"... there is always the possibility that Congress--both Democrats and Republicans--will realize it is in the best interests of not only the American people, but also the global internet community, to insist upon the completion and implementation and a subsequent evaluation of both Work Stream 1 (WS1) and Work Stream 2 (WS2) accountability mechanisms, and whether they are actually effective and working, and then decide whether ending U.S. oversight is appropriate and in the best interests of both the American people and the global internet community."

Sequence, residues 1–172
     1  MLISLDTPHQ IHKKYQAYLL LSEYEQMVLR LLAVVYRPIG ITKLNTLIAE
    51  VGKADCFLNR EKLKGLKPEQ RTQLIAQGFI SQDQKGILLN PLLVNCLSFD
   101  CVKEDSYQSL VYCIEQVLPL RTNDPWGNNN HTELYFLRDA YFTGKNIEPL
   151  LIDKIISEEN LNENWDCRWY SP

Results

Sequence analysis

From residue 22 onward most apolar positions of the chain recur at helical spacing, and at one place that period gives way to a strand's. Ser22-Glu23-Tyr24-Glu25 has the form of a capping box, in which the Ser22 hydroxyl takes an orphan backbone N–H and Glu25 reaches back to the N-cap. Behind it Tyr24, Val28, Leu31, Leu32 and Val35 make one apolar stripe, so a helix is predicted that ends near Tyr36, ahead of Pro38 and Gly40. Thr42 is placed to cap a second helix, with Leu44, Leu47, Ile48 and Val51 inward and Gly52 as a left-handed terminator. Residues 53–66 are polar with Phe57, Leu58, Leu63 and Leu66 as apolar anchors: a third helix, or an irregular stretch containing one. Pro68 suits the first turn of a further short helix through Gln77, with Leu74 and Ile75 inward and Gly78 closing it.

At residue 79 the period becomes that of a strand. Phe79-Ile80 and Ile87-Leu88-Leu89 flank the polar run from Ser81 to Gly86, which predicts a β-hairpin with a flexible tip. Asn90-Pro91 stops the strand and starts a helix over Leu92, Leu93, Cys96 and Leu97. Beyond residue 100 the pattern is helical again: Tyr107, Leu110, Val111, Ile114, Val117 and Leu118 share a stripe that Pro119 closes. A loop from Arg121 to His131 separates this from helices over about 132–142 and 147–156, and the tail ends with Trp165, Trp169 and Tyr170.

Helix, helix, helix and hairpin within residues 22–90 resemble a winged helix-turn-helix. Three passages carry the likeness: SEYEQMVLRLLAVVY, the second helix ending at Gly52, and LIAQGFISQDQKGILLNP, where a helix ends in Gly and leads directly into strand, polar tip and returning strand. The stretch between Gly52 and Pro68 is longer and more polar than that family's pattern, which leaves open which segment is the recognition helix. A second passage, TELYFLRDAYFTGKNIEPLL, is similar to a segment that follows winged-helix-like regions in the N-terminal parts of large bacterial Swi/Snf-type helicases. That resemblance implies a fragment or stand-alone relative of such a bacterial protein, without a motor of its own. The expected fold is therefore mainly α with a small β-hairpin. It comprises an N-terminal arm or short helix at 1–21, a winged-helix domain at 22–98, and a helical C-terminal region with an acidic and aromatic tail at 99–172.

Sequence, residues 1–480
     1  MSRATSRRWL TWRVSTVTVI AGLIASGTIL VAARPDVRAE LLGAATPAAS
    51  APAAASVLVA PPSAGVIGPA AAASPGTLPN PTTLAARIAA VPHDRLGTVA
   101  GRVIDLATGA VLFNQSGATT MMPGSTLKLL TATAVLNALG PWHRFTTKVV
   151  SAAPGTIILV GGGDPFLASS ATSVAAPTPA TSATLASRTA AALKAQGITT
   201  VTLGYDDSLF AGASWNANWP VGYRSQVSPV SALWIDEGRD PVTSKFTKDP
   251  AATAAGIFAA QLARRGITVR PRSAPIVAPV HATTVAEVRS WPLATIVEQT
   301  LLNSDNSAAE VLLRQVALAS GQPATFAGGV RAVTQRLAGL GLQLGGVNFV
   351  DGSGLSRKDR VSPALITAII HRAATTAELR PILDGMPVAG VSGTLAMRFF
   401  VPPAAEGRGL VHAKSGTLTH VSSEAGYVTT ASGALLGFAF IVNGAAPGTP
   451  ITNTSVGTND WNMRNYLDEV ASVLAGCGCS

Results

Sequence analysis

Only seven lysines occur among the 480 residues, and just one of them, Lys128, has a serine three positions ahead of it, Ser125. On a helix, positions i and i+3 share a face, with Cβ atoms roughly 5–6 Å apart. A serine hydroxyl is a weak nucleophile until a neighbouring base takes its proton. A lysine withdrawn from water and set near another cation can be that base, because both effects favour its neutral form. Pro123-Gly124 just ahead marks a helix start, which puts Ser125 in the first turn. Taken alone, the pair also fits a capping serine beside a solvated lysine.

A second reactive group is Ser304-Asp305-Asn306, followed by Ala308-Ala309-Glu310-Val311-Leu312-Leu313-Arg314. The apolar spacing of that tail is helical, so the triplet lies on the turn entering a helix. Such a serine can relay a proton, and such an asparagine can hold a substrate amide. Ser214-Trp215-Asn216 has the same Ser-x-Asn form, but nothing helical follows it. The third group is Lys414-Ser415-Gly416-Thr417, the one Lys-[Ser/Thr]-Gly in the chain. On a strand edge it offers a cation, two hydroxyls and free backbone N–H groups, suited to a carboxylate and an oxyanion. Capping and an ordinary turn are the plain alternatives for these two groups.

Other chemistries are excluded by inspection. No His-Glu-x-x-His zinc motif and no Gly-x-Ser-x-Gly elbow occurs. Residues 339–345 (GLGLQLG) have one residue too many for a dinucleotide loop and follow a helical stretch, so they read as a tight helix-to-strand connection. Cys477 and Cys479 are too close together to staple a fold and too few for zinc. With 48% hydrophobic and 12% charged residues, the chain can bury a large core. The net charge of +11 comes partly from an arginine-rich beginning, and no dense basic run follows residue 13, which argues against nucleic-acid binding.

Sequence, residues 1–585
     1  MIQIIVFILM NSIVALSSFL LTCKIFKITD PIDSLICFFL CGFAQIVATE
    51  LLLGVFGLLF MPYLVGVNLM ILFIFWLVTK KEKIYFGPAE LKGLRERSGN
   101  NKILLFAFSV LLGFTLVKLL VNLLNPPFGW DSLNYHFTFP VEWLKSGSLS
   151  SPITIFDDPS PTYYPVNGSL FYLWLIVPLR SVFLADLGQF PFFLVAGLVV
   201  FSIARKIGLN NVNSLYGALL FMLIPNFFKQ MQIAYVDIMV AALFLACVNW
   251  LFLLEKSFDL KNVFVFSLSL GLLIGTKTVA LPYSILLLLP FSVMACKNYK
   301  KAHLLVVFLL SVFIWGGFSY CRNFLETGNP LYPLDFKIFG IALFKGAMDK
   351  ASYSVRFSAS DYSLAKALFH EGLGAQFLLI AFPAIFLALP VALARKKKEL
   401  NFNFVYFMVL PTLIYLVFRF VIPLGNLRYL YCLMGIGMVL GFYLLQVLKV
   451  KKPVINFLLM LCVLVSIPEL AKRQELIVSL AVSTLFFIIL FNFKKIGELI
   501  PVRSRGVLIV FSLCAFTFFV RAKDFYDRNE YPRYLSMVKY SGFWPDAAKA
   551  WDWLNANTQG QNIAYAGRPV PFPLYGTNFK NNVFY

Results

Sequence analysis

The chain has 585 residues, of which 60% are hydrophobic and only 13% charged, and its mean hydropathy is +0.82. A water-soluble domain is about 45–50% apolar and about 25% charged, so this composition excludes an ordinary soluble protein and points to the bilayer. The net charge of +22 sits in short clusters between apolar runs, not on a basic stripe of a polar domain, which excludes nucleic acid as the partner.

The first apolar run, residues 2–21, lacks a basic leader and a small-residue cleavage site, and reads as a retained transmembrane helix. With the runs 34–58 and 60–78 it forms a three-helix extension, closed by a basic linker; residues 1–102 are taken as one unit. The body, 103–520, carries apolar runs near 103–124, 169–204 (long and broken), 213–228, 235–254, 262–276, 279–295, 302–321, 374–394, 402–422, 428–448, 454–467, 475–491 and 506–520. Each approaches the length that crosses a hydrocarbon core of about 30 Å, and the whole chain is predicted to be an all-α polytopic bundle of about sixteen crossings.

Why would Congress be concerned about the global internet community? Because the U.S. government is ceding its role as steward of the global internet to ICANN: "No government owns or controls the root level of the Internet. Nor does ICANN or any other single entity .... In effect, ICANN serves as a trustee of the Internet’s unique names and numbers in service to all Internet users." --source: Weinstein et al v Iran and ICANN - U.S. Amicus Curiae Brief (pdf).